Saturday, March 17, 2012

A Closer Look at Tea: Caffeine, L-Theanine and Ritual by Jonathan Manley

Typically, we grab coffee while on the go, late for work or for whatever task we are rushing around to get done. We rarely take the time to enjoy it. In my opinion, coffee does not aid in calming self-reflection. Tea, however, is quite different. At the center of tea culture is ritual. If one brews in a yi xing teapot it demands that you stop what you are doing and focus on the process. The water must be boiled, the pot and vessels pre-heated, and each of the several infusions must be attended to carefully. This process coaxes one to relax, be calm and fully engage in the present moment.

Two leaves and a bud...
It’s not only the ritual of tea that aids in the centering process. Tea and coffee are very different by their nature. (I often joke that tea is the marijauna of the drug world and that coffee is the heroin, or should I say cocaine?) When I drink tea I notice an immediate effect quite different from coffee. Tea mildly lifts my spirits without making me jittery or spacey. I feel a sense of calm and focus. One obvious explanation is that the caffeine content of tea is significantly less than coffee cup for cup. The average cup of coffee has 100 to 200 mg of caffeine. Tea on the other hand can be as low as 10 mg but is often in the 20-60 mg range. But caffeine is not the only chemical factor play.
Tea contains an amino acid called L-Theanine. It has the rare ability to cross the blood brain barrier and thus has mild psychoactive properties. Scientific studies indicate that L-Theanine produces a sense of well being, relaxation, and focus. It can also increase the release of dopamine and alpha brain waves, which are associated with the state of being alert but not stressed.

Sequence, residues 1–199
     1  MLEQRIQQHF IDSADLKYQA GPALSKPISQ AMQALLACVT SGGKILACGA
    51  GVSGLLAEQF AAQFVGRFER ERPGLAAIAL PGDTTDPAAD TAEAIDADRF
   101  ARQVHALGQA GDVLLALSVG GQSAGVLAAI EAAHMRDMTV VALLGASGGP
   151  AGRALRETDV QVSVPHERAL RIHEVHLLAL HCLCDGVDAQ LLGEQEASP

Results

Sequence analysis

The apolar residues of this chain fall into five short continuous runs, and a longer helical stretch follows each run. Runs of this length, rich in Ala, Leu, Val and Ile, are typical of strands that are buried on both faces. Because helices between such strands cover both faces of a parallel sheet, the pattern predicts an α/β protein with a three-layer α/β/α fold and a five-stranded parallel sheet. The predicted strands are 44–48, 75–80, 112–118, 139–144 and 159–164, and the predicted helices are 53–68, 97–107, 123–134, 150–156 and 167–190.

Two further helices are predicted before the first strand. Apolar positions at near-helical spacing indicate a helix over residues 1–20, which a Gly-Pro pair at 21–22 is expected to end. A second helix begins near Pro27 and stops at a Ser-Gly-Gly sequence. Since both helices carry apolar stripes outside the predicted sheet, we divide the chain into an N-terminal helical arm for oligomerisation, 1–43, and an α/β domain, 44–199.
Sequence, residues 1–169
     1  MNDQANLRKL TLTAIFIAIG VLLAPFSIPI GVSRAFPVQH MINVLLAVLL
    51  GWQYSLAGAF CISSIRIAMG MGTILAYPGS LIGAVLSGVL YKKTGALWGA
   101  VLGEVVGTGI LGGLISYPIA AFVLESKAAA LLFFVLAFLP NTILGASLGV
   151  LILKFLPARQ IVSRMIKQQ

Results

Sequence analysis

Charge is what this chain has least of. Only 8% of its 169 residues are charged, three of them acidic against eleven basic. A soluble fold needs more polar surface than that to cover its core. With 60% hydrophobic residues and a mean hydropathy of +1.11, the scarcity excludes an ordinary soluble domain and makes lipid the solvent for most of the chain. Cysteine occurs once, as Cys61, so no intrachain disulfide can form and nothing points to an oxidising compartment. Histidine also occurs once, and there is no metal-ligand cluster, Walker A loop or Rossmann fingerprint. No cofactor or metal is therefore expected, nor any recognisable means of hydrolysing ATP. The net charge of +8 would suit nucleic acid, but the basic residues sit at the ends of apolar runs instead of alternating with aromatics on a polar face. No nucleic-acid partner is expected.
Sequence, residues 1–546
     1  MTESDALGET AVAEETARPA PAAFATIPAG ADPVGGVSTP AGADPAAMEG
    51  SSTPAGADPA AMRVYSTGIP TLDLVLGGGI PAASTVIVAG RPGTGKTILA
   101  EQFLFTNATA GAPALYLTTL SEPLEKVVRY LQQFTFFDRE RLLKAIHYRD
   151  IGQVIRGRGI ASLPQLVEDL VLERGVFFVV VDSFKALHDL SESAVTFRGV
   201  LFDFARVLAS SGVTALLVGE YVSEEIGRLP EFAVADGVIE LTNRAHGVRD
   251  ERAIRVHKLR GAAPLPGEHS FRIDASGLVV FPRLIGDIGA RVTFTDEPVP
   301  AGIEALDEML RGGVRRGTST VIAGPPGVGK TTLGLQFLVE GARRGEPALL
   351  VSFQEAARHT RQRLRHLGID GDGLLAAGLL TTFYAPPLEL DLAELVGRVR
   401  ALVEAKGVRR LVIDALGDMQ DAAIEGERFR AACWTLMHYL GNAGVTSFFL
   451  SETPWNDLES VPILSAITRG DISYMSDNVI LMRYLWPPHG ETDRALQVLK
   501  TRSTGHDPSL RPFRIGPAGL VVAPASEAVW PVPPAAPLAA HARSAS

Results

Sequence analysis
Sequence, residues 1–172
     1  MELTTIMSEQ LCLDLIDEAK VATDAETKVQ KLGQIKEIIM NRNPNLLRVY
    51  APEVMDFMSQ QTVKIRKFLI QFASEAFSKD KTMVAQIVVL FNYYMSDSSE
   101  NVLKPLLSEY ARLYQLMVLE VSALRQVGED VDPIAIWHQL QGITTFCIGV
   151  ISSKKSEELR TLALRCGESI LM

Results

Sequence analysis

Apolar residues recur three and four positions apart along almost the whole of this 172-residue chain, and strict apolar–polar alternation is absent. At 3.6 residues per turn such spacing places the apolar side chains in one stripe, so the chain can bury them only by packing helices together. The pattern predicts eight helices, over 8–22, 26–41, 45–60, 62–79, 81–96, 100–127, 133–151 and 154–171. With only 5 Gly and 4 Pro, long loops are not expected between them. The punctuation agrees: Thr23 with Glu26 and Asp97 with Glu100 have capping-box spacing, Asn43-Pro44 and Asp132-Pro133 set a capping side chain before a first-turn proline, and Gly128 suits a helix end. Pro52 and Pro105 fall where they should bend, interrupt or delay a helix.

My advice for anyone who is trying to become more health conscious or more mindful is to consider the possibility of tea. In life, there are no quick fixes to achieving peace and health.


  1. I also notice that tea is much less likely to make me jittery than coffee is. I strongly prefer the way I feel after drinking tea to how I feel after drinking coffee.

    Although, I think if I were to make a marijuana analogy to a caffeinated beverage, I'd be more inclined to pick Yerba Mate. I find it makes me feel mellow and relaxed, and noticeably less focused than after drinking tea.

  2. I have to agree that the marijuana analogy is not the best fit, but we are trying to create controversy. Nothing inspires readership like controversy. Thanks for the thoughtful comment.